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Патент USA US2405090

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Patented July 30, 1946
George B. Crouse, East Setauket, and Francis A.
Holt, Shoreham, N. Y., assignors, by mesne as
signments, to Photo-Positive Corporation, New
York, N. Y., a corporation of New York
Application December 1, 1941, Serial No. 421,190
2 Claims.
(Cl. ll1--41)
The present invention relates to the manufac
ture of templates and more particularly to the
advantages not referred to herein will occur to
one skilled in the art upon employment of the
production of drawings or designs on template
Templates or patterns made of metal are used
invention in practice,
extensively in the aircraft industry to facilitate
the manufacture of parts. Extreme accuracy is
desirable and generally necessary to assure proper
fitting of finished parts and to eliminate excessive
strains on rivets and other connecting means.
Generally one of the ñrst steps in the manufac
ture of templates or patterns has been to make a
full size drawing of the particular part and then
painstakingly copy it, together with al1 dimen
sions and notes, by hand to a sheet of metal or
blank from which a template is to be made. EX
treme accuracy is important in the drawing on
the template blank, which increases the time and
eiîort required. After the drawing has been
copied on a blank, the blank is cut or shaped ac
cording to the drawing thereon and the template
IA preferred embodiment of the invention has
been chosen for purposes of illustration and de
scription and is shown in the accompanying
drawing, forming a part of the specification,
Fig. l is a fragmentary top plan View showing
a drawing of a part;
Fig. 2 is a fragmentary top plan View showing
a backing material having a light-sensitive sur
Fig. 3 is a sectional View illustrating the making
of a photographic reproduction of the drawing of
Fig. 1 on the light-sensitive surface of Fig. 2;
Fig, fi is a sectional view illustrating the trans
fer of a drawing from the material of Fig. 2 to
a template blank; and
Fig. 5 is a fragmentary top plan View of the
representation of the drawing formed on the tei. --
plate blank of Fig. 4.
Referring again to the drawing, an original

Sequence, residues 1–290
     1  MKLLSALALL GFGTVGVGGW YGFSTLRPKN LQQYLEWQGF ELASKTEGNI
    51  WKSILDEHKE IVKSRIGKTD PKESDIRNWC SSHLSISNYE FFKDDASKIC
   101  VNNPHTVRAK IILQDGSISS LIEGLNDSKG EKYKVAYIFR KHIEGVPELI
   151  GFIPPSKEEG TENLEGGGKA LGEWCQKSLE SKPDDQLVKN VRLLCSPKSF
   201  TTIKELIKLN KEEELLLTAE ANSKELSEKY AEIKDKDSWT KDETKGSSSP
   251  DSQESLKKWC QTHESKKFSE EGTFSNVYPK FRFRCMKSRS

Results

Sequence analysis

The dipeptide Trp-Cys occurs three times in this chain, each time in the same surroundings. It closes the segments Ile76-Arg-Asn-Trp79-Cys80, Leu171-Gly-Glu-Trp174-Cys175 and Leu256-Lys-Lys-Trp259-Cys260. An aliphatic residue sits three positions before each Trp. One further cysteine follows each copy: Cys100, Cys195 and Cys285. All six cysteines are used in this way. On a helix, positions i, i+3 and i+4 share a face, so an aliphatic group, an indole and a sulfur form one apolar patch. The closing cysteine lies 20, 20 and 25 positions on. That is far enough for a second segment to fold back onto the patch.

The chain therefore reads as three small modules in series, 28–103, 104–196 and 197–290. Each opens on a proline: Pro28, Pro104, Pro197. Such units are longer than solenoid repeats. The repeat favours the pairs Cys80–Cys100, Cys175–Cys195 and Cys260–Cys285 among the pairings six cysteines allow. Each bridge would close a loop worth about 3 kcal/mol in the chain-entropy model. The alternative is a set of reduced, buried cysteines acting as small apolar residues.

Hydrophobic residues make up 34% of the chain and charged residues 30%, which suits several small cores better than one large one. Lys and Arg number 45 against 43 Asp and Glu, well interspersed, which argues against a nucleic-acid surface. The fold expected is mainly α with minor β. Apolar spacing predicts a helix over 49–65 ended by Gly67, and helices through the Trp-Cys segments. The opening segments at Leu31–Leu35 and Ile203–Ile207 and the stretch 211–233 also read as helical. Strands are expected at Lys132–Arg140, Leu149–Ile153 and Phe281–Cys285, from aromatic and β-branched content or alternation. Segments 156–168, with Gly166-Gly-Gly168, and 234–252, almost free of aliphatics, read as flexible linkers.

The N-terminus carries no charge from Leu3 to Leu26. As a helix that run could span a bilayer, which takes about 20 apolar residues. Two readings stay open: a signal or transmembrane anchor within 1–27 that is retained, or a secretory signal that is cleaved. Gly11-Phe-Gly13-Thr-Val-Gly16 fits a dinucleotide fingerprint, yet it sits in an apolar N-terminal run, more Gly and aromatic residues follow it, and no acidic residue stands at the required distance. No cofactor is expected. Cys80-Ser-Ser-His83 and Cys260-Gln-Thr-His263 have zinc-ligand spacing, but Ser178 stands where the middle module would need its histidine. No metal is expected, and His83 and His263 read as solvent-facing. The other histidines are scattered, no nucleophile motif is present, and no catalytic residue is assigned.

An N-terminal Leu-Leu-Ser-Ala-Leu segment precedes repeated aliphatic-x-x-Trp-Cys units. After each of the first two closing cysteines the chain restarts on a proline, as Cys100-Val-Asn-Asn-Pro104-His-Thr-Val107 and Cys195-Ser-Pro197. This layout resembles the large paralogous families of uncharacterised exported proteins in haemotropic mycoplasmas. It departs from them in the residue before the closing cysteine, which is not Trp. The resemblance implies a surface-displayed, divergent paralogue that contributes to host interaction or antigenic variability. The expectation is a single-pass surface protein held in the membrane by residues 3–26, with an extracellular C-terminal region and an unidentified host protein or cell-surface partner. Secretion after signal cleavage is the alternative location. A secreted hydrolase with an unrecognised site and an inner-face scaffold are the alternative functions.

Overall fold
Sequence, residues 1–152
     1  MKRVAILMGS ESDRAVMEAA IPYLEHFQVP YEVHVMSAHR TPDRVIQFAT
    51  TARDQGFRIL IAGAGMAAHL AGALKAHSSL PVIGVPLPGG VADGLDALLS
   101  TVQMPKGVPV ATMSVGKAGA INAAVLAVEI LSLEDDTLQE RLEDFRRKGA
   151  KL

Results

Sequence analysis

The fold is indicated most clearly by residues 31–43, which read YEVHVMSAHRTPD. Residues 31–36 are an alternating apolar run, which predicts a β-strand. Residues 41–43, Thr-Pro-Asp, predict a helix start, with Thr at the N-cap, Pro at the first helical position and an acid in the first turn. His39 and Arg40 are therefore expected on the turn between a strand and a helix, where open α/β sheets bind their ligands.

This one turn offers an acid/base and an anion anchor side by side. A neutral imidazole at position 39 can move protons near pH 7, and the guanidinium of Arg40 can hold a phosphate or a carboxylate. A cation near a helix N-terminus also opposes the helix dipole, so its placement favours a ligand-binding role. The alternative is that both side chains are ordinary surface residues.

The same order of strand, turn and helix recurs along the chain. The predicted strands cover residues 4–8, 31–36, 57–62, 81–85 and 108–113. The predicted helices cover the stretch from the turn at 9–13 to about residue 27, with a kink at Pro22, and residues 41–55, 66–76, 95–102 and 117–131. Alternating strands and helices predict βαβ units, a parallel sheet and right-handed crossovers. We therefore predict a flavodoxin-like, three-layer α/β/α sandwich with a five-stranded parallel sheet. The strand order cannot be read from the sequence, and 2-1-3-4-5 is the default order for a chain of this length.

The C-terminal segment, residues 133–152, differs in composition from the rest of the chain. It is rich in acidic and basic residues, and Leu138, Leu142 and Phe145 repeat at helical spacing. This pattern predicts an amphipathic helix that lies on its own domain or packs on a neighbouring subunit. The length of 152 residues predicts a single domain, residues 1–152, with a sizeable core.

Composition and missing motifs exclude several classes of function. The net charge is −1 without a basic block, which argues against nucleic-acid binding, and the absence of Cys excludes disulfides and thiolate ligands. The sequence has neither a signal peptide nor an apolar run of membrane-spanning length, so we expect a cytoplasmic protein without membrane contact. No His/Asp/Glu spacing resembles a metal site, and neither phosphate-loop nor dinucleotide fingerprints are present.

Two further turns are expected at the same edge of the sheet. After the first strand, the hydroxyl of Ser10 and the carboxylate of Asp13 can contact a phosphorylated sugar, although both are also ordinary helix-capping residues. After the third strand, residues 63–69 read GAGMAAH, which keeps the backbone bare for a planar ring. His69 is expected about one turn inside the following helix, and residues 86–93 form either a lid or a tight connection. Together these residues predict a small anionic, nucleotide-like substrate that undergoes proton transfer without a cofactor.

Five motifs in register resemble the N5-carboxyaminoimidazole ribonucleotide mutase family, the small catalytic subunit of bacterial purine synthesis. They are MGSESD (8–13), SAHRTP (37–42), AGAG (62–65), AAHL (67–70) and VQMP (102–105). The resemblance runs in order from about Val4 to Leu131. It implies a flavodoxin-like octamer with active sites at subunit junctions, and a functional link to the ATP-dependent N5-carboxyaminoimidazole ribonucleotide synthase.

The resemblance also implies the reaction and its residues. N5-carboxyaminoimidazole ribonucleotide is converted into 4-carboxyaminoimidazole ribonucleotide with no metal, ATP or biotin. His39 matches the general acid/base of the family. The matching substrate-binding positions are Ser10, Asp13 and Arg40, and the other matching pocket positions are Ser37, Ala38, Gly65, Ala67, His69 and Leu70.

facture of parts. Accurately copying a drawing
drawing for a template is shown in Fig. 1. To
by hand on a template blank requires consider
able time and is quite expensive.
25 avoid inaccuracies due to expansion and shrink
age the drawing should preferably be made on
The present invention aims to overcome the
metal, glass or other rigid material which may be
above and other diiiiculties or disadvantages by
coated as desired to facilitate drawing thereon.
providing a new and improved method of forming
As illustrated in Fig. l a sheet of drawing paper
accurate reproductions of original drawings on
surfaces suchv as template blanks without the 30 2 is adhered to a rigid backing i. In order to
avoid wrinkles in the paper, the usual vacuum
necessity of laboriously copying lines, dimensions
printing frame may be utilized to hold the paper
and notes thereto by hand from an original draw
flat against the surface until the adhesive be
comes effective. The backing prevents the paper
An object of the present invention is to pro
is then used as a guide or pattern in the manu
vide a, new and improved method of making tem
Another object of the- present invention is to
provide a method of making photographic repro
ductions of drawings on metal surfaces.
Another object of the present invention is to
provide a method of making templates which is
more rapid and less expensive than previous
Another object of the present invention is to
provide a new and improved method of forming
reproductions of drawings directly upon the metal
surfaces of templateblanks.
Another object of the present invention is to
provide a new and improved article adapted to be
used for transferring representations of drawings
to template blanks.
Other> and further objects of the invention will
be obvious upon an understanding of the illustrative embodiment about to be described, or will
be indicated in the appended claims, and various
ably the drawing 3 formed on the sheet of mate
rial 2 is made full size and constitutes an orig
inal or master drawing of the part of which the
template is to be made. All of the various dimen
« from material expansion or shrinkage.
40 sions and notes required on a template blank are
also preferably placed »on the original drawing.
In making a template, a reproduction of the
original drawing 3 of Figl l, together with all
references and notes appearing thereon, must be
45 transferred to a template blank. Previously this
operation was tedicusly and painstakingly per
formed by hand for each template desired; the
operation required much time and was expensive.
The drawing formed on a template blank must
50 correspond exactly with the original master draw
ing, otherwise costly errors are likely to result in
connection with the manufacture of parts from
the resulting template.
It is hence important
that the transferring means and method be as
55 accurate as is reasonably possible, which is
achieved herein by an improved method of re
light rays first pass through the layer l' itself to
form a representation of the drawing on the